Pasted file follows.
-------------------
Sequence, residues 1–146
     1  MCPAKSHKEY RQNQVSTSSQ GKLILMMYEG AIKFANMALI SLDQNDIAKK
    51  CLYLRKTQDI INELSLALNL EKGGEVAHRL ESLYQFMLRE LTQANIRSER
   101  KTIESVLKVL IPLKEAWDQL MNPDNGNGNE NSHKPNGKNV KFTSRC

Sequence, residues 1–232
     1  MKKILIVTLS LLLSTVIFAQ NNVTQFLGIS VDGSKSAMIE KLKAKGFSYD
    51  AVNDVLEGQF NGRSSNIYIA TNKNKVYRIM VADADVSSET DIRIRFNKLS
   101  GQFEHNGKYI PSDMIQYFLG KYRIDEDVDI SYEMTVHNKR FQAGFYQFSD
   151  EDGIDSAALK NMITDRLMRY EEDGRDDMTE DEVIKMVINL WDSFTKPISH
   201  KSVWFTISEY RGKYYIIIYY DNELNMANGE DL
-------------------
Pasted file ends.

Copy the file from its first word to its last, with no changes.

Sequence, residues 1–146
     1  MCPAKSHKEY RQNQVSTSSQ GKLILMMYEG AIKFANMALI SLDQNDIAKK
    51  CLYLRKTQDI INELSLALNL EKGGEVAHRL ESLYQFMLRE LTQANIRSER
   101  KTIESVLKVL IPLKEAWDQL MNPDNGNGNE NSHKPNGKNV KFTSRC

Sequence, residues 1–232
     1  MKKILIVTLS LLLSTVIFAQ NNVTQFLGIS VDGSKSAMIE KLKAKGFSYD
    51  AVNDVLEGQF NGRSSNIYIA TNKNKVYRIM VADADVSSET DIRIRFNKLS
   101  GQFEHNGKYI PSDMIQYFLG KYRIDEDVDI SYEMTVHNKR FQAGFYQFSD
   151  EDGIDSAALK NMITDRLMRY EEDGRDDMTE DEVIKMVINL WDSFTKPISH
   201  KSVWFTISEY RGKYYIIIYY DNELNMANGE DL